In South Africa, I do see a lot of good humor and generosity, particularly within the family unit. But I also see a public culture shot through with a heavy dose of grievance and entitlement, and very little sense of responsibility or duty. Though other volunteers say my experience is not typical, I still get people begging for money nearly every day. When asking teachers about the strike, they framed their reasons for participation entirely in terms of what they deserve. "The government owes us this money!" When visiting a new site, the first question out of nearly every person's mouth is, "What can you do for us here?" with the context, sometimes stated outright, of wanting money. Where my friend has been humbled, I have probably picked up some cockiness as when it comes to science, maths, or computers (things that crop up frequently) I am light years ahead of anyone in the village. (The truth, of course, is that I am not an expert in maths or computers, and only passable at science.)
Now, lest you think this is just one more crotchety rant from the Oscar the Grouch of Peace Corps, let me tell you about my host family back in our training village. It was a grandmother and two children, and they were truly excellent to me, one of the few real connections I have made here. The grandma was a pensioner, still working hard raising her daughter's children, but was one of the funniest and cheerful people I have ever met. She worked hard on my Setswana, mostly so I could understand her endless jokes. The youngest child, a girl, was a bit of a snot, but her brother, a boy of about ten, was an absolute gem. He was in Grade 4, the age where the schools are supposed to switch to English, and during the couple months I was there his English improved approximately 1000% (partially, I'd like to believe, because I was practicing with him almost every night). We would watch Generations (a soap opera) together, and he would ask me endless questions about anything he saw on TV, questions like "what is a spaceship?" and "how does an airplane fly?" and "why is the moon round?" I tried my best to explain, and may have even succeeded on occasion, judging by his looks of round-eyed wonder.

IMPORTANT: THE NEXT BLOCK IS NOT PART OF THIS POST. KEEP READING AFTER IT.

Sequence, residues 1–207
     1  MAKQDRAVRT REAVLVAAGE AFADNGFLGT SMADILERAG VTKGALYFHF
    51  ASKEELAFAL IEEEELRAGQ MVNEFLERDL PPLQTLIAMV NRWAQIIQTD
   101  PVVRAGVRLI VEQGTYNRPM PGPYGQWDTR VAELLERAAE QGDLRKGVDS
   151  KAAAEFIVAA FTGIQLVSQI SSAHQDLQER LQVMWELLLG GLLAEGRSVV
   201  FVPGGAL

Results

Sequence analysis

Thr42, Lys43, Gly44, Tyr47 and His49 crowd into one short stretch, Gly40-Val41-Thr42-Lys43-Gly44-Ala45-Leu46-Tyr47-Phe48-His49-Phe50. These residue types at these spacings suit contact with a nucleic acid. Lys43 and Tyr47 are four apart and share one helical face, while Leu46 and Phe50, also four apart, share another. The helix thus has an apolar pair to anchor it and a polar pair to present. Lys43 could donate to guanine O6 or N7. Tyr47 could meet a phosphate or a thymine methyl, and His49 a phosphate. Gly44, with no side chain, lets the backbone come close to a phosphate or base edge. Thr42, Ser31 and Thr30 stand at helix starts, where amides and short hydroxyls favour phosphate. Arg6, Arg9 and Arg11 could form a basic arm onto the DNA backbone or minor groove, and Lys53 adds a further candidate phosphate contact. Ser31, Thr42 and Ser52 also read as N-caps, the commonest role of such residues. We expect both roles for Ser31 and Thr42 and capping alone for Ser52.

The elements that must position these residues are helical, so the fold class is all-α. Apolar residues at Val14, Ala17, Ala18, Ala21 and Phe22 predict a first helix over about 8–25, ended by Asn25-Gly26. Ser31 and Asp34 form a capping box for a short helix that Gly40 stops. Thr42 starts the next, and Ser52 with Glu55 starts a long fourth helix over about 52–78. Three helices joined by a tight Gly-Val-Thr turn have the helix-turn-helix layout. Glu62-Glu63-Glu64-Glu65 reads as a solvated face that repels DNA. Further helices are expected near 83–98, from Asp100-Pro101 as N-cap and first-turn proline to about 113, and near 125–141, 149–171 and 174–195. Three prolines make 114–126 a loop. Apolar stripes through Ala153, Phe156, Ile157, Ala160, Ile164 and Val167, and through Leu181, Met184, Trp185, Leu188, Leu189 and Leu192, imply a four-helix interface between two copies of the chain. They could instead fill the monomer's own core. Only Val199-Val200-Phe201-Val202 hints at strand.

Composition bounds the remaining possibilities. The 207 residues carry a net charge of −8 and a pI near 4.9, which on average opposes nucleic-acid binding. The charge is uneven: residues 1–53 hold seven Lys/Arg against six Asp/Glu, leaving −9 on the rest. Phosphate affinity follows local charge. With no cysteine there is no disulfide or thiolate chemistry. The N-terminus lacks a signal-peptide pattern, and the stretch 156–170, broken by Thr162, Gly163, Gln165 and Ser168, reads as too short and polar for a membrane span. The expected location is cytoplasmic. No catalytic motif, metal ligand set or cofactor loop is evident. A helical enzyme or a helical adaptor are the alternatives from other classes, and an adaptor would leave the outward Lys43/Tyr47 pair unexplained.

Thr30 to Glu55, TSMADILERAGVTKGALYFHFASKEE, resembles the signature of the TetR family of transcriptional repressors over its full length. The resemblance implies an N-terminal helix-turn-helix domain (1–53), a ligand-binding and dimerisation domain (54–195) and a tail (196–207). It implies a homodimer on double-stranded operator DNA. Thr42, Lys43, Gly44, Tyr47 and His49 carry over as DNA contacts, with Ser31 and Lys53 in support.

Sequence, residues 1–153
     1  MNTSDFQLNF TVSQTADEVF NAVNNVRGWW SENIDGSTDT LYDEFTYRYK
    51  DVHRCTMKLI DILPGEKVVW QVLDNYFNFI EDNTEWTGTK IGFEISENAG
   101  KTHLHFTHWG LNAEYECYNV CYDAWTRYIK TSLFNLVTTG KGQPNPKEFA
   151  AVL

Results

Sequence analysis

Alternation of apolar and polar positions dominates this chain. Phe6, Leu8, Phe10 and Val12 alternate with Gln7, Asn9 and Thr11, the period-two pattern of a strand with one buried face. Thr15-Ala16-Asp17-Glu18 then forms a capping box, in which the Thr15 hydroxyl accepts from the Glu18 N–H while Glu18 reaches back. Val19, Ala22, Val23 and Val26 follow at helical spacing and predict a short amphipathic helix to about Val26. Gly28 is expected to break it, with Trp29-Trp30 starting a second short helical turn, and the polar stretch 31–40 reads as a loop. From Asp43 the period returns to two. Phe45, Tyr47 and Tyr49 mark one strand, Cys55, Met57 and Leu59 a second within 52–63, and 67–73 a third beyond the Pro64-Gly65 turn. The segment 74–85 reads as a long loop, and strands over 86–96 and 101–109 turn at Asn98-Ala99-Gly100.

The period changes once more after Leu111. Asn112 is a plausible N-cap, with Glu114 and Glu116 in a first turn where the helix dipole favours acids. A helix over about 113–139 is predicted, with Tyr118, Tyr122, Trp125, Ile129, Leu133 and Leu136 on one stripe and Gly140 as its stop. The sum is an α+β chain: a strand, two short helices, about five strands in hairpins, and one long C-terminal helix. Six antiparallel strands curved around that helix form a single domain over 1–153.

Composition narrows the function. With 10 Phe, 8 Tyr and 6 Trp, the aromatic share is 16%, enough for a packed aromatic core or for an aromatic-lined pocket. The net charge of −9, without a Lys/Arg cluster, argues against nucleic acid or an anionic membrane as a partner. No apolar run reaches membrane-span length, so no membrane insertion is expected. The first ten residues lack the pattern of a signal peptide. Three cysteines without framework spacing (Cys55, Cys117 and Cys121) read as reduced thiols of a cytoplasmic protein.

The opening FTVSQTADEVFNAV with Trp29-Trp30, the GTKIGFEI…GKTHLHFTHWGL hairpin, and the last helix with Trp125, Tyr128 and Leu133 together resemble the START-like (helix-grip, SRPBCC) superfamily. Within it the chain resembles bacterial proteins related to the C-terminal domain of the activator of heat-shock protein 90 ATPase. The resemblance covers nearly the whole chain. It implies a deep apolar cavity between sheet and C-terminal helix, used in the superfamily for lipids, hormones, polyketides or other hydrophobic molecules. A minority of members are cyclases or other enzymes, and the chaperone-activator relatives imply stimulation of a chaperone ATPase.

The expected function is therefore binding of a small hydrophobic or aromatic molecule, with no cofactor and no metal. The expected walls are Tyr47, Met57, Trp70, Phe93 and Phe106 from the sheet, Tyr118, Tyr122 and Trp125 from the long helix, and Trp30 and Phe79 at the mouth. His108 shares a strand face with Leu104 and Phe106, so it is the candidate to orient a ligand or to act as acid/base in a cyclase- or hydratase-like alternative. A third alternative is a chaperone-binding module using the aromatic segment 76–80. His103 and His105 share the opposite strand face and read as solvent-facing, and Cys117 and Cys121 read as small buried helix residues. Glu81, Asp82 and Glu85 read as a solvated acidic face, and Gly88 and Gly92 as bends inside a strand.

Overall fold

My first weekend at the host family's site, the grandma was away at a funeral and the kids were in Pretoria with their mother, so I spent the time reading The Brothers Karamazov and hanging out with the emaciated and AIDS-stricken uncle, who spent most of the time sleeping. I was feeling alienated and lonely, but when the kids and the grandma arrived, they were positively writhing with excitement when they saw me. They put on an old tape of some gospel singer and all four of us danced in the living room, the girl riding on my shoulders. It was a defining experience.
The upshot of this story is that the issues I mentioned with South Africans are not innate—rather they are the entirely predictable result of one-party rule and the lingering effects of Apartheid. There are people here of the highest quality, and I have been honored to know a few of them.